High Court deems UK Government’s climate plans unlawful for the second time

Judge Clive Sheldon ruled in favour of four of the five grounds presented in the legal challenge.

Today (3 May), the High Court has declared the Government’s plan to tackle climate change and decarbonise the economy as unlawful, marking it the second time the Court has done so.

Previously, in 2022, the environmental organisations- Friends of the Earth, ClientEarth and Good Law Project- took the Government to the High Court over what they deemed a deficient climate action plan.

The High Court ruled in favour of the organisations, citing breaches of the Climate Change Act 2008 (CCA) and mandating the Government to revise its approach to net-zero emissions. The Government published the revised plan, dubbed as Carbon Budget Delivery Plan, in Spring 2023.

It bears noting that the plan was announced before the Government announced a series of key net-zero policy U-turns in September of last year, resulting in a loss of confidence within the nation’s green economy, investors and the general public.

Earlier this year, the three organisations filed another case against the updated plan, claiming that it still contained many of the same pitfalls as before, including the reliance on “unproven” technologies such as carbon capture and storage (CCS) and the lack of ‘clarity’ on how the Government aims to meet its legally binding carbon emissions reduction obligations.

Judge Clive Sheldon ruled in favour of four of the five grounds presented in the legal challenge.

This announcement comes as polling reveals that the Conservative Party has lost more than 120 council seats in the local elections, which took place yesterday. It is anticipated that this number could reach 500, which represents half of the seats the party is defending.

Labour Party leader Keir Starmer has stated that this result “sends a message” to the current Prime Minister Rishi Sunak, calling on him to “make way”.

The general election, expected to occur this year, is looming. Despite the Conservative Party’s efforts to postpone it, the High Court ruling, combined with significant losses in local elections, could expedite the process.

Some green groups have called the result “a humiliating embarrassment for the Government”, with questions arising over whether there will be an immediate revision of its plan or a delay until the next general elections

Industry Reaction

Ed Matthew, campaigns director, E3G:

“This is a humiliating embarrassment for the government. This is the second time their climate strategy has been found by the High Court to be too weak to meet the UK’s climate targets.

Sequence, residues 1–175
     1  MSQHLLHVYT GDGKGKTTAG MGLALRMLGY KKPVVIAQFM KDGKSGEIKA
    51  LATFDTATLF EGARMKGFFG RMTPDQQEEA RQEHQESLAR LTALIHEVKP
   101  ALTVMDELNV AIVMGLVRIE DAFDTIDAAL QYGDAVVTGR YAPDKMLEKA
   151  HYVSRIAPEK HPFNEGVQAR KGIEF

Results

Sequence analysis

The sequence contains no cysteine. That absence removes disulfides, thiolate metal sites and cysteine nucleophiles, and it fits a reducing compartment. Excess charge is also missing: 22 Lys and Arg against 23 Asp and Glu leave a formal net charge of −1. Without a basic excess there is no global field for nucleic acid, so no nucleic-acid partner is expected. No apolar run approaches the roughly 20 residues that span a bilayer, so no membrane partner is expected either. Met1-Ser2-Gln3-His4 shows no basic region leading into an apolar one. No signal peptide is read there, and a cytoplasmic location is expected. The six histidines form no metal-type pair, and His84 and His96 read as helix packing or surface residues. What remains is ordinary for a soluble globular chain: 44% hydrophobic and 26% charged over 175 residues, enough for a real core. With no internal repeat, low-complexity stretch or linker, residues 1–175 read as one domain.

“It comes on the day of the local elections when they are losing council seats across the country. These are not unrelated events.

“A government that turns its back on ambitious action to protect its citizens from the greatest long term security threat we face and falls back in the economic race to build a clean tech economy, is not a government that people want to vote for. They are making themselves unelectable.”

Katie de Kauwe, lawyer, Friends of the Earth

“This is another embarrassing defeat for the government and its reckless and inadequate climate plans. We’ve all been badly let down by a government that’s failed, not once but twice.

We urgently need a credible and lawful new action plan that puts our climate goals back on track and ensures we all benefit from a fair transition to a sustainable future. Meeting our domestic and international carbon reduction targets must be a top priority for whichever party wins the next general election.”

James Alexander, chief executive, UKSIF:

“Today’s ruling is more evidence of the UK’s failure to meet its climate targets. This risks further alienating investors seeking a coherent and consistent policy approach to the net-zero transition, putting growth and jobs at risk.

“The Government must urgently update its plans to give confidence to investors and businesses that the UK is open for business in the green industries of the future.”

Comments (1)

  1. David Dundas says:

    To stop the net emissions of fossil carbon in the UK by 2050 requires an action plan agreed by all political parties that cannot be changed by the elected government unless the change is agreed by all signatories to the plan. This is because the 5 year election cycle will tend to promote actions that produce results within the 5 year period to ensure the incumbent government has a good chance of re-election.

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